Article 14.17: Source Code
1. No Party shall require the transfer of, or access to,
source code of software owned by a
person of another Party, as a condition
for the import, distribution, sale or use of such software,
or of products containing such software, in its territory.
2. For the purposes of this Article, software subject to
paragraph 1 is limited to mass-market
software or products containing such
software and does not include software used for critical
3. Nothing in this Article shall preclude:
(a) the inclusion or implementation of terms and
conditions related to the provision of
source code in commercially negotiated contracts; or
(b) a Party from requiring the modification of
source code of software necessary for
that software to comply with laws or regulations
which are not inconsistent with
4. This Article shall not be construed to affect requirements
that relate to patent applications or granted patents,
including any orders made by a judicial authority in relation to
patent disputes, subject to safeguards against unauthorised
disclosure under the law or practice of a Party.
The General Public License (GPL) is a requirement, a contract, that says if a company includes GPL-licensed software within a product, the source code must be available to any consumer who receives the software. The source code is the human-usable computer code that is transformed into the machine-usable computer code that runs in the device.
There is an extensive body of GPL-covered code, created globally, and available without cost. Some of this software is used in popular operating systems like Windows, OS X, and Linux. GPL software is used across the servers that operate the internet, and is used by companies like Google, Microsoft, Apple, as well as this website, Indymedia. They are also used in devices like routers -- and, there are routers where the entirety of the software is covered by the GPL.
The "deal" with the GPL is this: you can use this inexpensive or free software, but, in exchange, you must also make your modifications to the software available under the same terms.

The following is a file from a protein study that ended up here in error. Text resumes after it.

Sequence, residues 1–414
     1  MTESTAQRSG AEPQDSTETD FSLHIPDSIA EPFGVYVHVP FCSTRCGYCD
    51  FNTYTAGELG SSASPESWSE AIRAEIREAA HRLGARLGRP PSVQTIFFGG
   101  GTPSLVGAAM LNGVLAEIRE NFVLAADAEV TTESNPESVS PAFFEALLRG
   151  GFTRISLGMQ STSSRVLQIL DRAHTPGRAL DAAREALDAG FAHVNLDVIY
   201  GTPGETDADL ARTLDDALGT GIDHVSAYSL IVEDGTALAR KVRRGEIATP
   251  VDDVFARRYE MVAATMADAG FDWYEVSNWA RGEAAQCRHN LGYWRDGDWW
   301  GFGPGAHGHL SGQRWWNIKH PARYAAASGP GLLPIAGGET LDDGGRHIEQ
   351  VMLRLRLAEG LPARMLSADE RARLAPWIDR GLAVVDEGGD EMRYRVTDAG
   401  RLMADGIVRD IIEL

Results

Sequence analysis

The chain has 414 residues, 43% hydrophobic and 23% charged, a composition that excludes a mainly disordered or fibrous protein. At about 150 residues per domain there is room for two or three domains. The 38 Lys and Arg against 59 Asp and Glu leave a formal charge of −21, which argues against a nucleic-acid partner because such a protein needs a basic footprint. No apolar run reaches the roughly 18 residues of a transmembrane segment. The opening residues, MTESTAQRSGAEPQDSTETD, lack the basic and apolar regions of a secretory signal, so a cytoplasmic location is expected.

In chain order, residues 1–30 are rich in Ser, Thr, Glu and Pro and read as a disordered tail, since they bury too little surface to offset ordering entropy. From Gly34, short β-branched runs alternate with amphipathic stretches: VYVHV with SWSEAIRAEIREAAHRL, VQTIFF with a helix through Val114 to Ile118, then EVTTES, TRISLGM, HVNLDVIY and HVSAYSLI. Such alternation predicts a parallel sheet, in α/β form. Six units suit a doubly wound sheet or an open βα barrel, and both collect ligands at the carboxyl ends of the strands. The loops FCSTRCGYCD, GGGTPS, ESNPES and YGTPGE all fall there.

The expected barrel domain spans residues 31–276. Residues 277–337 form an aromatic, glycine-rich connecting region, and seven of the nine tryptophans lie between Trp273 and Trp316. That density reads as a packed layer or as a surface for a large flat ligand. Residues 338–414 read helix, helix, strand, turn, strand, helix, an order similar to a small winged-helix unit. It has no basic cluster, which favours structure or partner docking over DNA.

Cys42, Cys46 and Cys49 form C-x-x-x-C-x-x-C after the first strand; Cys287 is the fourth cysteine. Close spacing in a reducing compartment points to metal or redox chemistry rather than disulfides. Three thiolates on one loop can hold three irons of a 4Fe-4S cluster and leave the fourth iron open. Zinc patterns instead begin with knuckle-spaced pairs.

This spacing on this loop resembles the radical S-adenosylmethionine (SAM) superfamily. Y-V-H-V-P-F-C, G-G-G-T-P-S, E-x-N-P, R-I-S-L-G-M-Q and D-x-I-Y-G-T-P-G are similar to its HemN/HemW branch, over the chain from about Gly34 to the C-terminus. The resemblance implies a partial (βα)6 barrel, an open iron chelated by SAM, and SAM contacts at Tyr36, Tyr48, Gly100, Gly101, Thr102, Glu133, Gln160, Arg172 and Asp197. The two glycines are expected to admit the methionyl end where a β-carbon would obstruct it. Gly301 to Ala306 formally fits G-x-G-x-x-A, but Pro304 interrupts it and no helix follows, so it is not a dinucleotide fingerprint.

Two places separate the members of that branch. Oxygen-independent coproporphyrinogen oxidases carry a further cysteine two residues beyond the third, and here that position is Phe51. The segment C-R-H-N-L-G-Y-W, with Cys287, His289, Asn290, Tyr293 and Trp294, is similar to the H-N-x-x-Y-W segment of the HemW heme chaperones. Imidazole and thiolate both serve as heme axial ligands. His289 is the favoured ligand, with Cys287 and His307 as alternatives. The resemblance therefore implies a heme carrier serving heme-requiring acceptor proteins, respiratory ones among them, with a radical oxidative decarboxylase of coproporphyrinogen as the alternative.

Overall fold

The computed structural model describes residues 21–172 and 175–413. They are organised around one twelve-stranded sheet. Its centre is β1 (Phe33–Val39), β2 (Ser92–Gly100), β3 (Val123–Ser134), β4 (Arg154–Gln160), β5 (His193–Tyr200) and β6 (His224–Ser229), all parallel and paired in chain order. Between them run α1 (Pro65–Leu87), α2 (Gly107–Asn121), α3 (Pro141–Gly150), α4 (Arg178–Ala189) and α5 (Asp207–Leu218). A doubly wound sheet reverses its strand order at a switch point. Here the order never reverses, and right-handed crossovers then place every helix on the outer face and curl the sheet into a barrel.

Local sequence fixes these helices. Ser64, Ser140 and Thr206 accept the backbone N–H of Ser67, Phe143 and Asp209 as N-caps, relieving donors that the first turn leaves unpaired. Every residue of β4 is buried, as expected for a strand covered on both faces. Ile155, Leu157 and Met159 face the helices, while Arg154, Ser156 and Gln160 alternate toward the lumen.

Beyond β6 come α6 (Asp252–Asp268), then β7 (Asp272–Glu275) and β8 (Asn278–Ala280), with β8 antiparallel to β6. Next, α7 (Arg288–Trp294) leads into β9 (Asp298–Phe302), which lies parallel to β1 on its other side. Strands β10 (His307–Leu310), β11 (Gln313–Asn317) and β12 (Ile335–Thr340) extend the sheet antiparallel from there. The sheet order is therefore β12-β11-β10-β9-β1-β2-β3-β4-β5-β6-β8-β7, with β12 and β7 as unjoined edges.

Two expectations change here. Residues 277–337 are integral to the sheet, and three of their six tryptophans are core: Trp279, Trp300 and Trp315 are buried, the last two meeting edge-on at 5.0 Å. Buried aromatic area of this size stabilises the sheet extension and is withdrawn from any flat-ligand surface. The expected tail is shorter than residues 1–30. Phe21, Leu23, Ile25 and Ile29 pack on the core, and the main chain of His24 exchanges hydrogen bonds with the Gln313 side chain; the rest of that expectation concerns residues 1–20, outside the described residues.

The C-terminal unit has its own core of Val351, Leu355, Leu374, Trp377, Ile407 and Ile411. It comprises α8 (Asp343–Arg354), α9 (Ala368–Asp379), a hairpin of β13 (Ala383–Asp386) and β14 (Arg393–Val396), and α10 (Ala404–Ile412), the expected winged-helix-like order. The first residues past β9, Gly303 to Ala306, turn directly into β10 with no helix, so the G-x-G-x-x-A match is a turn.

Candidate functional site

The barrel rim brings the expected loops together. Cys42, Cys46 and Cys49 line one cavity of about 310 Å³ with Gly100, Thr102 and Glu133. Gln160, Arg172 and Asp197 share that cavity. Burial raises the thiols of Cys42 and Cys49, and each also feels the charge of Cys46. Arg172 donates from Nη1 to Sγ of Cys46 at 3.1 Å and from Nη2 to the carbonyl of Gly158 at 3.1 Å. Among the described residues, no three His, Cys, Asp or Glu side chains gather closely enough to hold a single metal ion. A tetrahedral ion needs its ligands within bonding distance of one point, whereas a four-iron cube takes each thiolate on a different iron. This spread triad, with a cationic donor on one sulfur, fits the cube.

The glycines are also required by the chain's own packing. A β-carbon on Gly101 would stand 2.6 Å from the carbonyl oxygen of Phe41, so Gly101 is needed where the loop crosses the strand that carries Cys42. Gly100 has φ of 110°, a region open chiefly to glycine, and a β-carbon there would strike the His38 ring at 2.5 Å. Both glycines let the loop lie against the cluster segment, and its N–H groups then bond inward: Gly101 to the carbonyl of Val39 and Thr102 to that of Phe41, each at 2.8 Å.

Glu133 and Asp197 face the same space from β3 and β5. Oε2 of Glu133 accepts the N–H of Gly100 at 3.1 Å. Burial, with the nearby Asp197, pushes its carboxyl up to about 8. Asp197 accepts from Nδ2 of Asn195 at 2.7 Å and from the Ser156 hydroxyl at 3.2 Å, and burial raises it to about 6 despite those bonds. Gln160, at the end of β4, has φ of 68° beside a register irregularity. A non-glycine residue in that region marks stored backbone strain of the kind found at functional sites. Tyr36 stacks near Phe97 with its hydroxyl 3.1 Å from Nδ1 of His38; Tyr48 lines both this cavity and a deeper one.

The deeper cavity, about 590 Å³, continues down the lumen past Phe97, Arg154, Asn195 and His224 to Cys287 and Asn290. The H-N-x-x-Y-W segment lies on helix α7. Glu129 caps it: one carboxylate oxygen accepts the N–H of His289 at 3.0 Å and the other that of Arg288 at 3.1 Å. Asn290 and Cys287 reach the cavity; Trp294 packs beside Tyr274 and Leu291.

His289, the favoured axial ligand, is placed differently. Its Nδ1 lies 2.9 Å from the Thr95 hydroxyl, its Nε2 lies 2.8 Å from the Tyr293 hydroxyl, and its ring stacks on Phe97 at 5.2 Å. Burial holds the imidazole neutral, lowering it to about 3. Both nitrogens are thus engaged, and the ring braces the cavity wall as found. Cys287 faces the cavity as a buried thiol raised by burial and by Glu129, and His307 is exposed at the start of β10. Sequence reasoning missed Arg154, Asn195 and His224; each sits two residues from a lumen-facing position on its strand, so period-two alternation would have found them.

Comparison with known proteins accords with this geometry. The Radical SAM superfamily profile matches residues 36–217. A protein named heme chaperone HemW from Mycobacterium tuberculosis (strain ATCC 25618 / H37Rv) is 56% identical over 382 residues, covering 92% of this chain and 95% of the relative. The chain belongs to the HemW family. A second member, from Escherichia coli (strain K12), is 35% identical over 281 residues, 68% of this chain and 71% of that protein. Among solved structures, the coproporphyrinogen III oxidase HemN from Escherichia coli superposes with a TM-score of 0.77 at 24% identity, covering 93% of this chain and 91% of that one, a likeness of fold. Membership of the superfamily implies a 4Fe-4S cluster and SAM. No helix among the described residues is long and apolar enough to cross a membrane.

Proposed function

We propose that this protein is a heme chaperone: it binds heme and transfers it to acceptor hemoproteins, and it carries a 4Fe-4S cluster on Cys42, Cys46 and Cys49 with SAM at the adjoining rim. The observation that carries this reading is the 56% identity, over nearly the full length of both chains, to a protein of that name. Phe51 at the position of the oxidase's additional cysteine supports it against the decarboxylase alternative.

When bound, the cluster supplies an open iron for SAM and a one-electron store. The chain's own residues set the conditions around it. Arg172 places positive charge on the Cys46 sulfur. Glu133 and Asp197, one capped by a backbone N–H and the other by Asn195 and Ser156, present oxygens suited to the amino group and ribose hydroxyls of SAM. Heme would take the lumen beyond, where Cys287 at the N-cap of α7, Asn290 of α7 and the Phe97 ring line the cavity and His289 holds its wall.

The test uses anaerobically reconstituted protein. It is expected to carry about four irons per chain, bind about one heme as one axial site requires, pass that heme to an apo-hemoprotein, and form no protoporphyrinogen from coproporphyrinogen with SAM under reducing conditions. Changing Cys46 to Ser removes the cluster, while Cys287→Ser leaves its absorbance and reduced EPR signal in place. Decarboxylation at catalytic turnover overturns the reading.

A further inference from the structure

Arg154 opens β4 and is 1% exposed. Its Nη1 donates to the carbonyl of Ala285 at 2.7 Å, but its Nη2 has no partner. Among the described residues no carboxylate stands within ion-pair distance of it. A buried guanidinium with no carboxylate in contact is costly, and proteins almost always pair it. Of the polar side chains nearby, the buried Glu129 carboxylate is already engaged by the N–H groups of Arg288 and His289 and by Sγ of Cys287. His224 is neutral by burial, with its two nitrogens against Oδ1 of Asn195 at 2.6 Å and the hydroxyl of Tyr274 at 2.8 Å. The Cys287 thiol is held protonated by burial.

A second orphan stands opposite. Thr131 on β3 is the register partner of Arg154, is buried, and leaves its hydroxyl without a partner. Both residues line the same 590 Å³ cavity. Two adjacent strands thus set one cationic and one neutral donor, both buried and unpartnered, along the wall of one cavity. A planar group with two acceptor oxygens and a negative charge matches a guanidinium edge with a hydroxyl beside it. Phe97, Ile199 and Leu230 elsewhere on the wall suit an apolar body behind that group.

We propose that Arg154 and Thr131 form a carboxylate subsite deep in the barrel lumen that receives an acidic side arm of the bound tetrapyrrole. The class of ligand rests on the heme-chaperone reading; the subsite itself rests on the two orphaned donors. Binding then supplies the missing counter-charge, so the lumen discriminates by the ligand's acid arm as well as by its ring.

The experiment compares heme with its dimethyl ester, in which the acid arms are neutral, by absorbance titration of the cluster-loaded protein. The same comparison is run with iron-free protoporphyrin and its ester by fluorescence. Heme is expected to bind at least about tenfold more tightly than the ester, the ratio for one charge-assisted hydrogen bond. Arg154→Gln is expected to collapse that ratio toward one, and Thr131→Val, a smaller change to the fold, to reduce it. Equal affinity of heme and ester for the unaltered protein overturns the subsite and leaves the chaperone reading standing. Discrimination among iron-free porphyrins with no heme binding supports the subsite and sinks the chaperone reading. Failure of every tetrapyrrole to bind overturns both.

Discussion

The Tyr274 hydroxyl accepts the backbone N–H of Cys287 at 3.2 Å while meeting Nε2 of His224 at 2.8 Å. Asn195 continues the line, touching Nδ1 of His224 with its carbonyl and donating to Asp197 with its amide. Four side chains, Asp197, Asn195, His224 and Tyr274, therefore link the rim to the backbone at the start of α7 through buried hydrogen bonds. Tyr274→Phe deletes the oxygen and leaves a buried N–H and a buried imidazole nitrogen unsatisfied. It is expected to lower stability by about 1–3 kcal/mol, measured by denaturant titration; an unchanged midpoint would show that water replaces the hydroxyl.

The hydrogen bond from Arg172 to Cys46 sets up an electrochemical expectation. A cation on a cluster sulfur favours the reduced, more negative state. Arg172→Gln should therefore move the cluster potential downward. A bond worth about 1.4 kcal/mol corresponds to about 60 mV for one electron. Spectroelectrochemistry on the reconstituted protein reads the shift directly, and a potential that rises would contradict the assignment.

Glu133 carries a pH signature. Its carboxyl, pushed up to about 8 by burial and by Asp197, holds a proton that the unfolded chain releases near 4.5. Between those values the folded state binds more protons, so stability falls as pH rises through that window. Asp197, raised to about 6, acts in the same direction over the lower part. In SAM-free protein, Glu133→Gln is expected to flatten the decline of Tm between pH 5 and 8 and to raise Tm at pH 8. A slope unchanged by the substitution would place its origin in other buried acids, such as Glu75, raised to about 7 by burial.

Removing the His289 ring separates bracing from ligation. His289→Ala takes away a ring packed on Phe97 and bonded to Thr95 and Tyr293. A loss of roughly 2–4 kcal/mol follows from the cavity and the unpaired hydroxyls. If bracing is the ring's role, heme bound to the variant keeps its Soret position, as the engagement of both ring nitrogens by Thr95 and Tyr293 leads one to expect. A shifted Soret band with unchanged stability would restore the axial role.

Companies, by using GPL software, save millions of dollars in software development effort.
Because the GPL forces companies to share their source code, consumers are able to find alternative operating systems for small home routers. Programmers use the GPL to get copies of the router's source code, and then, using that information, and their skills, can understand how the router's hardware works. Armed with this information, they can then create software like OpenWRT to run on the router and enhance its features.
Note that while the GPL forces companies to share code, it doesn't force them to share all the code. Companies that wish to avoid these provisions can purchase software that is copyrighted according to existing laws. There are also ways to add software to a system that doesn't combine with GPL'd code. Nothing forces them to use the GPL-covered software.
The GPL goes beyond routers, of course. The GPL is a specific attempt to challenge the regime of intellectual property. Machine code is difficult for people to understand, and is a kind of "protection of intellectual property" - it's a kind of secret.
The GPL creates a kind of "software commons", where software is share freely and there are no secrets; as the software is improved, the benefits are enjoyed by everyone, whether they are individual programmers, or corporations.
In practical terms, the GPL levels the field, so that large companies have a harder time creating huge masses of software that effectively entrap smaller companies. It also means that programmers have legal protection from nuisance lawsuits around copyright.
Tens of thousands of programmers and companies have willingly contributed to the body of work covered by the GPL. They have done so out of self-interest, because they don't want to be entrapped by intellectual property laws.
The TPP would abolish the GPL, an agreement made freely by thousands of people, with benefits enjoyed by billions of people.
Even worse, the TPP does not protect the rights of these people who share code via GPL. A company is still free to take from the software commons, but give nothing back. This was obviously written by corporations that want the people to labor without any compensation, and that wish to destroy the software commons.